When Joseph Webb died in 1761, Mehitable remarried. She and her new husband, Yale-educated Silas Deane, built a house next to Webb House that was even more luxurious [see accompanying story], while the Webb House was inherited by his son, Joseph Jr. Both of Joseph Jr’s brothers, John and Sam, fought in the Revolutionary War, and it was Joseph Jr who hosted Washington’s visit in 1781.
Darker times came. Joseph Jr was imprisoned for debt after the war, and the Webb House was sold to raise funds.
The house had a succession of owners between 1800 and1820, most notably Judge Martin Welles, who bought the house for a bit more than $2,500. Welles made some structural changes, including the addition of a Greek Revival portico, and enlarged the four south rooms. The house remained in his family for nearly 100 years.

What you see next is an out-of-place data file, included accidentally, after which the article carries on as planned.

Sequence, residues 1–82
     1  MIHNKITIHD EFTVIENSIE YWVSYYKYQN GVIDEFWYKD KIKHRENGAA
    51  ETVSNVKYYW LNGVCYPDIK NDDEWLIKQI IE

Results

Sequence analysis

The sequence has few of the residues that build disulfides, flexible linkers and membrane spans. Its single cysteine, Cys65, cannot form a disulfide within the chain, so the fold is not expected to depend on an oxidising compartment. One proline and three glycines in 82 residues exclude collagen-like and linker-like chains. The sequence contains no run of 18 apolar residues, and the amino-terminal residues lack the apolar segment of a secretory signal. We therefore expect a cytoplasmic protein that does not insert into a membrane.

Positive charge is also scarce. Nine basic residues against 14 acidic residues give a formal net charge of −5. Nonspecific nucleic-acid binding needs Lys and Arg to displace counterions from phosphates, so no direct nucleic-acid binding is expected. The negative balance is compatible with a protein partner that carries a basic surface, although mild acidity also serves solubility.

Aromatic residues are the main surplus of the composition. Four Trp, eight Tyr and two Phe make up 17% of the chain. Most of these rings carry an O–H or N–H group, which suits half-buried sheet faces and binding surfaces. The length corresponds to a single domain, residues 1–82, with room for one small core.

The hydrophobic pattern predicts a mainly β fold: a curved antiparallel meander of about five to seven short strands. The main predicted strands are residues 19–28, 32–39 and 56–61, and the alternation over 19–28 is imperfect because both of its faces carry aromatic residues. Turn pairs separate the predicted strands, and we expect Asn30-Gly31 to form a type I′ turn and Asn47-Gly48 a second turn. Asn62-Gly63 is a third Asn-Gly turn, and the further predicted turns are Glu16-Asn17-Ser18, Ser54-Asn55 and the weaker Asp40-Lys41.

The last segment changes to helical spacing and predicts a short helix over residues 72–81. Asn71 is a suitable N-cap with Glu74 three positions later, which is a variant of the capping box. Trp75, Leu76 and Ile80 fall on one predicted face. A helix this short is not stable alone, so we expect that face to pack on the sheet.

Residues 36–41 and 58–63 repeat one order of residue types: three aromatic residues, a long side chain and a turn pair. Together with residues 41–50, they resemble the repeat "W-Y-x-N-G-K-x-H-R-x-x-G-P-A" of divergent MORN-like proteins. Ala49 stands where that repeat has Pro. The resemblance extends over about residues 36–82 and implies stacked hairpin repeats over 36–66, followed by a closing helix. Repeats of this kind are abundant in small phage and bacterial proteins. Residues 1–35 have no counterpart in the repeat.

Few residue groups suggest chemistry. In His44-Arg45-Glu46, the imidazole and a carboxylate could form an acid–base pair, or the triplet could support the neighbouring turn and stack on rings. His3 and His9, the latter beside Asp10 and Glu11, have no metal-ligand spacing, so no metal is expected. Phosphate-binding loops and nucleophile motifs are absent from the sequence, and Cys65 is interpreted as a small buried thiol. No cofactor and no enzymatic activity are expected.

In 1916, the house was sold to Nutting, who set about to operate it as a museum. Three years later, he was forced to sell, and the new owners, the Connecticut Colonial Dames, opened it as a public museum and tea room.
Today, the house is shown in basically three different periods. The Washington visit in 1781 commands the downstairs best parlor to the right of the entrance hall as well as the Washington chamber upstairs. On the south side of the house, including the downstairs Yorktown Parlor, an upstairs bedroom and the south end of the attic, are Nutting’s interpretations and influences. The tea room downstairs was set up by the Colonial Dames to match as closely as possible a 1920 photograph, using the space and antique furniture to create a sense of home. What interests today’s visitor is the ability to simultaneously contrast Nutting’s Colonial Revival reinterpretation side-by-side with a more authentic presentation of upper-class life during the colonial period.